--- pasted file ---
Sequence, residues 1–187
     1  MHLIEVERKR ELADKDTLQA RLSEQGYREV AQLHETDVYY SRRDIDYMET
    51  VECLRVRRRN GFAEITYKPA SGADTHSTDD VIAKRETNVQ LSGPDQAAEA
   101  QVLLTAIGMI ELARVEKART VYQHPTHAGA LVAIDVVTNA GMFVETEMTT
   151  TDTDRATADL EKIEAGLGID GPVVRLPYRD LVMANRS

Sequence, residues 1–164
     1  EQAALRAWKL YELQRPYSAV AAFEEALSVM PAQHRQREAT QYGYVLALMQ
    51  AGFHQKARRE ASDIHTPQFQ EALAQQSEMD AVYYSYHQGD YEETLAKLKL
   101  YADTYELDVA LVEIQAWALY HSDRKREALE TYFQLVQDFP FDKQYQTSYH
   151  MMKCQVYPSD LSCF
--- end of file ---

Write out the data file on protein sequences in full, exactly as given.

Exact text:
Sequence, residues 1–187
     1  MHLIEVERKR ELADKDTLQA RLSEQGYREV AQLHETDVYY SRRDIDYMET
    51  VECLRVRRRN GFAEITYKPA SGADTHSTDD VIAKRETNVQ LSGPDQAAEA
   101  QVLLTAIGMI ELARVEKART VYQHPTHAGA LVAIDVVTNA GMFVETEMTT
   151  TDTDRATADL EKIEAGLGID GPVVRLPYRD LVMANRS

Sequence, residues 1–164
     1  EQAALRAWKL YELQRPYSAV AAFEEALSVM PAQHRQREAT QYGYVLALMQ
    51  AGFHQKARRE ASDIHTPQFQ EALAQQSEMD AVYYSYHQGD YEETLAKLKL
   101  YADTYELDVA LVEIQAWALY HSDRKREALE TYFQLVQDFP FDKQYQTSYH
   151  MMKCQVYPSD LSCF